Opening Day New Article Union Station Railroad Station, Nashville Tennessee

Excerpt from special issue of the Nashville American, October 9, 1900, the day of opening ceremonies at Union Station:

"The splendid Union Station, just completed on the corner of Broad and Walnut streets, is Romanesque in design. It is built of Bowling Green gray stone [oolitic limestone], with ashlar face carved in and capped with the same material. It is four stories high, with a big, square tower of severe, though admirable lines, rising to a height of 220 feet, capped with a bronze Mercury as a finial. The roof is slate, with gables and domes, after the Romanesque fashion, set fittingly and without stint....

"As one enters the new station from the street [Broadway] the first attraction is the loggia, a massive lot of arches and entablature, covering some 40 x 50 feet, elaborately carved in stone, panelled in oak and paved with granite and tiling.

"Passing through the vestibules, by means of the three heavy stone archways, all beautifully carved in the Romanesque, one is first impressed with the color scheme of the general waiting room. This color scheme is not only an appropriate and pleasing selection, but has been carried out with taste and fidelity. No color-blind people touched this work. Not a false tint has been imparted. Tennessee marble wainscots the whole of the general waiting room. The lower section of the wall is dark colonial green, touched with darker green and gold, and capped with a cornice of gold. The next is two shades lighter green, with corners of yellow or mauve, the high lights being brought out in gold. As you go up, the green still lightens, till it goes out in yellow and green configurations in the dome panels that blend with the wonderful color and design of the art glass in the skylights above. The dome is 63 feet high.

"In the twenty spandrels of the ten imposing arches in the general waiting room there are as many angels of plenty, veritable Ladies Bountiful, who soar along, bearing to the two roads the principal products, by the transportation of which they derive their income. These figures are of exceeding grace, and the colors are so well blended in their varied tints that one realizes that every part of the decoration, as well as all the other work, has had expert direction.

"As one enters, the first spandrel of the row of arches on the right represents the milling interest, the symbol being two bags of flour, which that Lady Bountiful proffers as her offering. Its fellow bears a bushel of vegetables representing that line. Then follows that staple, corn, rich in its color of gold, and gold it becomes to a considerable amount, since the crop of Tennessee alone sometimes reaches 50,000,000 bushels.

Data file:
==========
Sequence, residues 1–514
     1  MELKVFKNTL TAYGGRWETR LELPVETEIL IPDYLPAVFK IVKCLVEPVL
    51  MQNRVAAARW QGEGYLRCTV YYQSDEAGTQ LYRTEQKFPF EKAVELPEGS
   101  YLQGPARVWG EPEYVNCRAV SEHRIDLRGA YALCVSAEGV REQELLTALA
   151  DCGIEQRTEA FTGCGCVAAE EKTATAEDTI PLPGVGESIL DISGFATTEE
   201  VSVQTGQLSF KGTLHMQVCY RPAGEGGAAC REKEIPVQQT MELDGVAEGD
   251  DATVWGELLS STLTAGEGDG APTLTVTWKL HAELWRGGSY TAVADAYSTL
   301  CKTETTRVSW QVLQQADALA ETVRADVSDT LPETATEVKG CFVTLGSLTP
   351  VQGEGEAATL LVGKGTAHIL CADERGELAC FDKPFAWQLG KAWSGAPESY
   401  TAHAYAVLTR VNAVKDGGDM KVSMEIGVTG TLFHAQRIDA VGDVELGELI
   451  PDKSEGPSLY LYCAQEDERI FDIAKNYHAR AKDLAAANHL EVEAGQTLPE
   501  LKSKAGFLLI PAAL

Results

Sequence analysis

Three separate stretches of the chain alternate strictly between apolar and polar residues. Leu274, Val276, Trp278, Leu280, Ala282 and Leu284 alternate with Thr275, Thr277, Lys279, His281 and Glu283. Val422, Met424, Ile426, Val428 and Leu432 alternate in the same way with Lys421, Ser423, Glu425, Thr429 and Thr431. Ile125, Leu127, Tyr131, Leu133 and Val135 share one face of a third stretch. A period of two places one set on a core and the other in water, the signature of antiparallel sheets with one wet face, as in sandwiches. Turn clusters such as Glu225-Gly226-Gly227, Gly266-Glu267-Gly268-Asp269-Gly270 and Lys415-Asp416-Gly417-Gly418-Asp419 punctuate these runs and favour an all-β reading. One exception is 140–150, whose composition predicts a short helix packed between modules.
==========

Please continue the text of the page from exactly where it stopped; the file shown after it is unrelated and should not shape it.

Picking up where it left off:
"Next is the poultry business, a cornucopia of eggs, which means all the poultry. Then wheat; then lumber in shingle shape; then a cornucopia of fruit, representing that fast and well-paying frieght; then King Cotton, with her 10,000,000 bales annually.

"Then there is one arch with tobacco in one spandrel and wines and whisky is the fellow, which is too bad for the fellow, but the roads both get good revenue from the pesky stuff.

"Crossing over to the opposite side, samples of stone and brick represent the builders' interest. Then comes coal and oil. Two big sawlogs stand for the timber industry, which, too, is big, while a cornucopia pours out merchandise in the shape of drugs, bottled and boxed, and canned goods. The old almanac sign of the zodiac, Taurus, is used to represent all the live stock business. Then comes dry goods, boots and shoes, then hardware and grocers and all merchandise. Then coal; then ore and phosphate; then lumber dressed and undressed, last but not least by millions of feet.

"But it is the end panels of the grand room upon which the decorator and artist has really spread himself.

"The legend is a beautiful one and most artistically and appropriately carved out. As one enters from the vestibule in the north end, a pannelled [sic] piece is shown, a big metal panel picture in relief of Rameses and his queen being pulled by a gang of slaves. The vehicle is a wooden chariot, with log wheels and yet with some show of decoration. Palm trees are the background, while the sacred vase, with Egyptian ornamentation, accompanies. Behind, the palm bearers hold over the royal pair the big leaf for sunshade, while the vehicle moves along in slow but stately splendor. This represents the ancient mode of travel. Immediately over this panel is a clock 5 feet in diameter, carved and finished in Bower-Barff, while the high points are touched with gold. This clock has white hands and white Arabic numbers, which, with the black, is the strongest of contrasts. Amidst so much blending of color, this strong contrast is a relief, as if one needs relief from too much of beauty.